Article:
Global warming research and tax payer-funded alternative energy development get short shrift in the recently released 2012 Republican Party Platform, while the GOP calls for further support for stem cell research (as long as it doesn't involve human embryos) and neuroscience. Approved and released on Tuesday (August 28), at the start of the Republican National Convention in Tampa, Florida, the document outlines the party's current position on a number of issues affecting the country. While science policy isn't central to the platform, it is mentioned in several places. ScienceInsider was kind enough to comb through the 50-page statement and point out some of the key mentions of science policy. Here are just a few of the highlights:
Support for life science
The 2012 GOP platform maintains the party stance on opposing human embryonic stem cell research, but expresses support for federal funding of other biomedical research, especially neuroscience that...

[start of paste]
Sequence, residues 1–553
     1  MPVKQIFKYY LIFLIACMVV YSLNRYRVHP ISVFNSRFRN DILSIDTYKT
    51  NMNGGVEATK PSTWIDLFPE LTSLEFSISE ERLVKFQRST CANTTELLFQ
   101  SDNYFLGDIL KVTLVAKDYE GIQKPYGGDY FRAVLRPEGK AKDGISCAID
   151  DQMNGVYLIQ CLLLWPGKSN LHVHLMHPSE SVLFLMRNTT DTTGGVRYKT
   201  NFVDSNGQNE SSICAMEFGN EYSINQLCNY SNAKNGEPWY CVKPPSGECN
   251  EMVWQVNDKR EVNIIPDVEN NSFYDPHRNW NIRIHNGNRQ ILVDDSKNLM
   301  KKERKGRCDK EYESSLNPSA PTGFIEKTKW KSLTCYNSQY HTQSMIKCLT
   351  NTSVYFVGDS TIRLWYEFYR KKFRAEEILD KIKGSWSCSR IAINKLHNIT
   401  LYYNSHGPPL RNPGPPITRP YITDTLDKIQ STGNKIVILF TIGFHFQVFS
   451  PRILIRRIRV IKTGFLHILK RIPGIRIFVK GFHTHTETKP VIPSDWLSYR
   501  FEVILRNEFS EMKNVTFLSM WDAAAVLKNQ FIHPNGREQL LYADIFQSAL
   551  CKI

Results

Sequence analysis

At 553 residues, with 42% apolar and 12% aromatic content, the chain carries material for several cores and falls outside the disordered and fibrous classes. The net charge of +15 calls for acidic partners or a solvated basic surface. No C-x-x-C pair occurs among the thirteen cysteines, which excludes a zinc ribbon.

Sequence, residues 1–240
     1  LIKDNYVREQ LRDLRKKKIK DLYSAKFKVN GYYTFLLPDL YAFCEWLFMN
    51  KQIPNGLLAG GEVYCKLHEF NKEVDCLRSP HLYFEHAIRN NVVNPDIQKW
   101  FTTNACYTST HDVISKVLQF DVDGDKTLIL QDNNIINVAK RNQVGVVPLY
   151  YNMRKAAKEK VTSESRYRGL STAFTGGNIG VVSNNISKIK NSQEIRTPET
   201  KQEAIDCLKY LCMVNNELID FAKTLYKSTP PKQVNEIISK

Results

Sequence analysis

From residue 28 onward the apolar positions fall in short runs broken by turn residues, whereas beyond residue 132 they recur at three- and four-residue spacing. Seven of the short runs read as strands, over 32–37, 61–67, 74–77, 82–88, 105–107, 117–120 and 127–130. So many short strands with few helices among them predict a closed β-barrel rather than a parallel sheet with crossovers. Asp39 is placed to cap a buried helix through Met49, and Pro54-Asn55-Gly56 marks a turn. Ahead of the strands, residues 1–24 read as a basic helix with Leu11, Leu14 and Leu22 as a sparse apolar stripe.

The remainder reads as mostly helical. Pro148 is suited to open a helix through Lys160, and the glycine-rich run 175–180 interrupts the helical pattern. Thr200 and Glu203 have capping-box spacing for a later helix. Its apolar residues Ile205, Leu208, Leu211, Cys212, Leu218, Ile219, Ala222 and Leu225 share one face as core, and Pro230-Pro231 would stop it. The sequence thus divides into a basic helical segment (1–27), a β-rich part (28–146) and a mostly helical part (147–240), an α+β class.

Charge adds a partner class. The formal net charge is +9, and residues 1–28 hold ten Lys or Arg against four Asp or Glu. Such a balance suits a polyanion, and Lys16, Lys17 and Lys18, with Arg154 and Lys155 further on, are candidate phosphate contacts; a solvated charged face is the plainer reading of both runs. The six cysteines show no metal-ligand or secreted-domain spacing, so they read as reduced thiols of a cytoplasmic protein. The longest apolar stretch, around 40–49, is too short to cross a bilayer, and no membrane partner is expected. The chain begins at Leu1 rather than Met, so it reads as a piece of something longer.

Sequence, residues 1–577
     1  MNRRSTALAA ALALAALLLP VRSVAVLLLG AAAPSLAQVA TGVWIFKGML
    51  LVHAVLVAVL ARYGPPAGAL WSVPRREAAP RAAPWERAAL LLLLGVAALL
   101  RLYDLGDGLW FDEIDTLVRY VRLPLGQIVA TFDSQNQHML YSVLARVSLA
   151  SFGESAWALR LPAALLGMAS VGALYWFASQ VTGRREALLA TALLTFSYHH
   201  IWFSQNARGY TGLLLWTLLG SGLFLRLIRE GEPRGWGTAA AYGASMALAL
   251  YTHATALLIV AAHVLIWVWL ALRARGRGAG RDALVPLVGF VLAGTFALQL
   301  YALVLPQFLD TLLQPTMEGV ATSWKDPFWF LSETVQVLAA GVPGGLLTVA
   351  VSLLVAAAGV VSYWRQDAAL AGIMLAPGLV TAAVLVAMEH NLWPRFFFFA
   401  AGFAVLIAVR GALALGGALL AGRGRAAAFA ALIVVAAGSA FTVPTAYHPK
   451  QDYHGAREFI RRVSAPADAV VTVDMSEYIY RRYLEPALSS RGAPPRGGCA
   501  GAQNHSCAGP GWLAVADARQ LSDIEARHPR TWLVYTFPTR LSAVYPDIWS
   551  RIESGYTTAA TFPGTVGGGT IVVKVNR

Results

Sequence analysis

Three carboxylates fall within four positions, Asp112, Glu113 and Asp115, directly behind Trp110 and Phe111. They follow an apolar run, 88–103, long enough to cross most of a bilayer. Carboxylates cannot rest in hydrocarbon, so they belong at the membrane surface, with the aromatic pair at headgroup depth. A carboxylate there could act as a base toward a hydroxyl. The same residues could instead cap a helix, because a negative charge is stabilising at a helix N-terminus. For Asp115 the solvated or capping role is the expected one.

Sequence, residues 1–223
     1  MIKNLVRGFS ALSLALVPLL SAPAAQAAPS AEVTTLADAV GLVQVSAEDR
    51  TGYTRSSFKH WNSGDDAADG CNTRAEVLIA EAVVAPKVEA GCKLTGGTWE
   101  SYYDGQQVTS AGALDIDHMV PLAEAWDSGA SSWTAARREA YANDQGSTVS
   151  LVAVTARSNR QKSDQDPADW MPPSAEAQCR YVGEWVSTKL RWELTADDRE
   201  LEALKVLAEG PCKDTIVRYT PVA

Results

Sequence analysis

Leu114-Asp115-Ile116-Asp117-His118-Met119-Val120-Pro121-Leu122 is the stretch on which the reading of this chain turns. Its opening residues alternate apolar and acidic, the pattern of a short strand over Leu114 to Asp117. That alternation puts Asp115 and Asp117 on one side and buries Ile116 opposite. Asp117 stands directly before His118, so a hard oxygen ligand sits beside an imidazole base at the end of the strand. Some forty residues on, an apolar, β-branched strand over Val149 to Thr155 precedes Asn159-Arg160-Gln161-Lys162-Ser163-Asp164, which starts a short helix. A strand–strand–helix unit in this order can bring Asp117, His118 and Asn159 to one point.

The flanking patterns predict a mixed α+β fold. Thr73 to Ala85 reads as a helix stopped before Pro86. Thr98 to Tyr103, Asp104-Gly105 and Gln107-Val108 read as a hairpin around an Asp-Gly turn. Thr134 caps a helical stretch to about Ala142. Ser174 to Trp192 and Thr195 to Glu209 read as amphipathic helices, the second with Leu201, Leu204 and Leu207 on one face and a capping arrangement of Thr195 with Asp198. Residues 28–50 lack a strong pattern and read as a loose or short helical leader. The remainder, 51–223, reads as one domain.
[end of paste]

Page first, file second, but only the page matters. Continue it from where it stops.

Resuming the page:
Energy and environment
It seems as though the GOP has backed off from its pledge to address climate change and wean the country off of fossil fuels as espoused in its 2008 platform and promoted by Senator John McCain (R-AZ) and his running mate Sarah Palin as they campaigned against Barack Obama. The 2008 document mentioned cutting greenhouse gases, reducing the demand for fossil fuels, and awarding millions of dollars to scientists who find ways to solve climate change challenges, but the 2012 platform excises nearly all of that verbiage. Instead, it trumpets the need to further develop domestic fossil fuel sources, opposes carbon cap and trade schemes, and calls on Congress to limit the Environmental Protection Agency's ability to regulate greenhouse gasses as pollutants—an authority recently upheld by a US federal appeals court.
The 2012 platform also ditches language from the 2008 stance that indicated a role for tax payers in funding the development of alternative energy sources. Instead, the 2012 platform emphasizes a "market-based approach for renewable energy sources."
R&D tax credit support
Though it’s not exactly the third rail of American politics (both Democrats and Republicans have long called for the R&D tax credit to be made permanent), the GOP platform calls for the government to enshrine tax breaks for research and development at the country's companies.